Intervju med professor Malin Lövgren som studerar hur en stöttar familjer med svår sjukdom

Interview with Professor Malin Lövgren who studies how one supports families with severe illness

Would you like to tell us a little about yourself and the project?

I am a researcher (professor) and study how we can support families with severe illness where children are involved, either sick children (and their siblings) or children of sick parents. I work at Marie Cederschiöld University and Astrid Lindgren's Children's Hospital. Next year it will be 20 years since I started research and it feels fantastic to have the opportunity to devote my professional life to this. All my research specifically concerns families with children, some projects are about evaluating support when the child or parent is ill and some parts are about grief. I am involved in various research projects but am currently leading a large research program with several projects (see: That research program includes a support intervention with the goal of facilitating communication within the family about things that are difficult to talk about (e.g. prognosis), support parenting and make the children's needs visible (sick as well as healthy). We implement this support method within a range of care contexts; in children's hospitals, children's hospices and in cancer care and palliative care for adults who have children or young people at home. The goal is to develop evidence-based support methods for these families, as there are few such. The good thing about this method of support is that it involves everyone in the family. In this way, family cohesion is strengthened and everyone's voices are heard. The family gains greater understanding of each other's feelings and reactions.

Severely ill children must have a lot of difficult feelings within them, and perhaps also many questions. How do you best meet a child who is in a difficult situation?

With curiosity and interest! Important to think about is not to go in with the notion that sick children have difficult feelings inside them and many questions - it doesn't have to be that way. In health care, it is the sick child who is at the center, which means that he often gets the attention and care he needs. There are several ways to communicate with children (sick and healthy close children), e.g. through image support and drawing and telling stories. To get children talking, you can also do something while talking, go for a walk, ride in a car or if the child is younger give them some "talk clay" or crafts, paper and pencil. Important to talk to children in her/his way, use the words they use and try to see the world through their eyes. You also need to oscillate between talking about ordinary things and talking about slightly more difficult things. It is not possible to only focus on what is difficult. Talking about what works well for the child can, for example, strengthen her/him so that she has the strength to deal with what is difficult. At the same time, one should not back down to take up difficult subjects. Research shows that children are usually the initiators of talking about what is difficult. Then we adults have to pick it up and ask further. Children should not have to keep difficult things inside (such as thoughts of death), neither sick nor healthy. Adults need to be responsive. This applies to all adults, those who work in healthcare and adults around the family, neighbours, teachers, leisure leaders, etc. It is important to remember as an adult that we do not have to sit inside with answers to all the questions that children have. We can say that we don't know (e.g. what happens after death if that's what the child is thinking about) and instead bounce the question back to the child - what does he think happens after death. In this way, the child gets the opportunity to say what is on his mind. Be curious and ask follow-up questions. It becomes extremely painful for children to have to hold back their thoughts for the sake of the adult world, because they don't think we adults can bear to hear. We must signal that we can bear to hear and that we are interested.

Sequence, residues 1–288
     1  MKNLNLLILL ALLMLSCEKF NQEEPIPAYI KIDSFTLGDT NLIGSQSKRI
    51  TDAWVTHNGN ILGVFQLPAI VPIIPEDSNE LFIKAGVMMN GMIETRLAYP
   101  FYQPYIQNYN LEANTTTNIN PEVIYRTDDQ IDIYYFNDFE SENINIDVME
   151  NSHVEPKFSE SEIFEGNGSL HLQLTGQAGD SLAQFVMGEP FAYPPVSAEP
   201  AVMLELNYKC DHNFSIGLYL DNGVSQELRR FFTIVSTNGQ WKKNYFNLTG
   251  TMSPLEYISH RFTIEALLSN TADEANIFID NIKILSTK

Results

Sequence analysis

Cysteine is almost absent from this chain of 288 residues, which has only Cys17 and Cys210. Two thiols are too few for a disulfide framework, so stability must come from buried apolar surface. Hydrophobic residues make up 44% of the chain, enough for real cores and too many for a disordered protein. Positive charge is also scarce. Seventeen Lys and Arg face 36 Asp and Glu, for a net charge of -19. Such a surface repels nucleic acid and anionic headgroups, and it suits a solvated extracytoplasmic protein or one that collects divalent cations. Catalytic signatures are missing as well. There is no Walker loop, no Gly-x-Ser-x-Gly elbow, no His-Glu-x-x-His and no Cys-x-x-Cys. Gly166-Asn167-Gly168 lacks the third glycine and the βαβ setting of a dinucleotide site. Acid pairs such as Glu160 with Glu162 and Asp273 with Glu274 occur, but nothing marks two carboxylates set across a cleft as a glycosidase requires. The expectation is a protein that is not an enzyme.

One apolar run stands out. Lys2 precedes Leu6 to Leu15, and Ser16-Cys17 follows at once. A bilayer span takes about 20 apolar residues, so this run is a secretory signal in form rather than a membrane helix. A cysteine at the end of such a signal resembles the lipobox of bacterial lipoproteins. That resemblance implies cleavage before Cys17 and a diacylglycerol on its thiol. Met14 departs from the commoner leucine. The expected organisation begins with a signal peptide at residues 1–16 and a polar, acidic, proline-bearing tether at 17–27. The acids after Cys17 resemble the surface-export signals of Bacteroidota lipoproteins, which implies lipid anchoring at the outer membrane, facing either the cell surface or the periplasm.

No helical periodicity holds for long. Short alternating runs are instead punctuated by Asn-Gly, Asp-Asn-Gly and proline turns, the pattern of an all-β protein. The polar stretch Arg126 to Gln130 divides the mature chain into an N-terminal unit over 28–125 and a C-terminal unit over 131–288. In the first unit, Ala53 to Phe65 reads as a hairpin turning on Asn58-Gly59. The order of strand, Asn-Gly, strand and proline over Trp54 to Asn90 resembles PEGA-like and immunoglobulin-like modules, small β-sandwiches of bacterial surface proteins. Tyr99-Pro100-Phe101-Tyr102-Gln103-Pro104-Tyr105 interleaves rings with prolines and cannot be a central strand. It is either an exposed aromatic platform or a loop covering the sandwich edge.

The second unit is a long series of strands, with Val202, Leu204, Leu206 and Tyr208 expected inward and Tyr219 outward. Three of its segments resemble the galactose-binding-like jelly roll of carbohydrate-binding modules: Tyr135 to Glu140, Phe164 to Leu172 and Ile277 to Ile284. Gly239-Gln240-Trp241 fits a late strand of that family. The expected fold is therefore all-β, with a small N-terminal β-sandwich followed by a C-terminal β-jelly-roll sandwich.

What do you hope will be the outcome of the project?

We wish to find a support method/support program that helps all family members to be able to talk about what is difficult, such as e.g. prognosis and conflicts within the family, but also support parenthood and make the children's needs visible (sick children and siblings). It is challenging to be the parent of a child who is seriously ill or to be seriously ill yourself and have younger children. Making the children's needs visible is very important for all parties. Sometimes healthy children are forgotten, which can cause mental illness in the long run. We hope that our research on this support program can become a method that clinicians can use in their daily work.

Finally, if you have a sick child in your vicinity, what advice would you give?

To see to the needs of the whole family. The sick child always exists in a context and therefore it is important to consider the context in order to support the child. For the sick child, it can be difficult to have parents and siblings who are often sad and burdened with responsibility. Be open and curious and take your own initiative to support the whole family. It could be being with the sick child for a day so that parents and siblings can do something else, it could also be cooking, taking healthy siblings to leisure activities or helping with something the family needs. By being open and responsive to both children's and parents' needs for support, as well as capturing the initiatives children themselves take to talk, you will contribute. Stay tuned and be available. The family will not ask for support, you need to take your own initiative to be there, this applies to both children and adults.